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In Vitro Staining of Resin Composites by Liquids Ingested by Children

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Purpose: The purpose of this study was to compare the influence of various children's drinks on the discoloration of dental resin composites. Methods: Ninety-six disks (3-mm thick, 10 mm in diameter) were prepared from 3 types of composite: (1) submicron; (2) nano; and (3) microhybrid. After polishing and obtaining baseline data, they were equally divided into 4 groups and immersed into 1 of 4 liquids at 37°C: (1) distilled water; (2) Kool-Aid Jammers (grape flavor); (3) Coca-Cola; or (4) snow cone syrup (banana flavor). On days 3, 6, 9, 12, and 15, the samples were measured again for color. On day 18, they were measured for both color and gloss. Results: Overall, the color change during the staining procedure was minimal (ΔEab<1.67) for all 3 composites, although it appeared that Tetric EvoCeram had the least discoloration. Using 3-way analysis of variance and linear regression analysis, only Estelite Σ in Coca-Cola showed a statistically significant linear relationship between discoloration and stain time. Conclusions: Three composites reacted differently in various staining solutions. During this study, the 4 solutions did not discolor any of the composites in a way that was clinically significant. Tetric EvoCeram may be the most stain resistant material among the 3 tested.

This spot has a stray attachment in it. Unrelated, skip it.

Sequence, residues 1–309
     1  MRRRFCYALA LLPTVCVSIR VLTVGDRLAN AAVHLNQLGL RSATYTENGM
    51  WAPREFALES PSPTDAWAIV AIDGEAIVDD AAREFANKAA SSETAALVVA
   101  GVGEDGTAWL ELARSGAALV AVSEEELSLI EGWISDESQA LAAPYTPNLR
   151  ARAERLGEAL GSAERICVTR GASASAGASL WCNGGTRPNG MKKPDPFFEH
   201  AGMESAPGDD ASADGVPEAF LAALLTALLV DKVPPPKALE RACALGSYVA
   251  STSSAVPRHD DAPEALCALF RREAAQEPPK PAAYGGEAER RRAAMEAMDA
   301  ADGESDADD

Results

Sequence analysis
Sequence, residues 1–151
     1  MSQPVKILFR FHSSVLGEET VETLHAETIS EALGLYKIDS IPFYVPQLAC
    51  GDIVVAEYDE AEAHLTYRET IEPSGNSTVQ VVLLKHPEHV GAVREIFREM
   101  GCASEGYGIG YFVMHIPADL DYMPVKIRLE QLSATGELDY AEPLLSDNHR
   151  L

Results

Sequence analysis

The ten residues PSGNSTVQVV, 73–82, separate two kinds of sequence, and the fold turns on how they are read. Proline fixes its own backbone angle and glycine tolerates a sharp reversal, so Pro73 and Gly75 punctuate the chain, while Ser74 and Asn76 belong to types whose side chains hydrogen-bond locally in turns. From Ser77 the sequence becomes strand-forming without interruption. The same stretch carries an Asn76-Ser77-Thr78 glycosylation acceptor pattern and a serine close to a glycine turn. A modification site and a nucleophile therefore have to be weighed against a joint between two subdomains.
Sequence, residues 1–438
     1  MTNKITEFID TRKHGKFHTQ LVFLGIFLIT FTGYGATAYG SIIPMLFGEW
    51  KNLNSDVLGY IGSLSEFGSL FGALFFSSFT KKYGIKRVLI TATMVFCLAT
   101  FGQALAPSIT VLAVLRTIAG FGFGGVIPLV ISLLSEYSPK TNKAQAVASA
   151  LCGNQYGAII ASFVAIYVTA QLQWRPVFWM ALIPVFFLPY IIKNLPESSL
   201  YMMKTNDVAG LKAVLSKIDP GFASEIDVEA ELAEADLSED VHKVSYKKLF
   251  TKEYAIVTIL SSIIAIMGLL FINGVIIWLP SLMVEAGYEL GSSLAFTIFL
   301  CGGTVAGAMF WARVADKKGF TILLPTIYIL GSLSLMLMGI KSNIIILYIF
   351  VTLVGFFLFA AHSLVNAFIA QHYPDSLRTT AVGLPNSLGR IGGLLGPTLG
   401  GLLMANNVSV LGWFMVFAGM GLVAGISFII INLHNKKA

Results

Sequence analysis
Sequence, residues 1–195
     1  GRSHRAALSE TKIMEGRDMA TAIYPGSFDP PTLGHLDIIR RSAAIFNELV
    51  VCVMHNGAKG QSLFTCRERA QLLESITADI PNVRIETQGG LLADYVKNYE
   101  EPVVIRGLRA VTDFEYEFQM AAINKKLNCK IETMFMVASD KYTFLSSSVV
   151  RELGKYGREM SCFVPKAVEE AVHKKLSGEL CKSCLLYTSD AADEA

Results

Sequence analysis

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Document Type: Research Article

Publication date: July 1, 2008

More about this publication?
  • Pediatric Dentistry is the official publication of the American Academy of Pediatric Dentistry, the American Board of Pediatric Dentistry and the College of Diplomates of the American Board of Pediatric Dentistry. It is published bi-monthly and is internationally recognized as the leading journal in the area of pediatric dentistry. The journal promotes the practice, education and research specifically related to the specialty of pediatric dentistry. This peer-reviewed journal features scientific articles, case reports and abstracts of current pediatric dental research.
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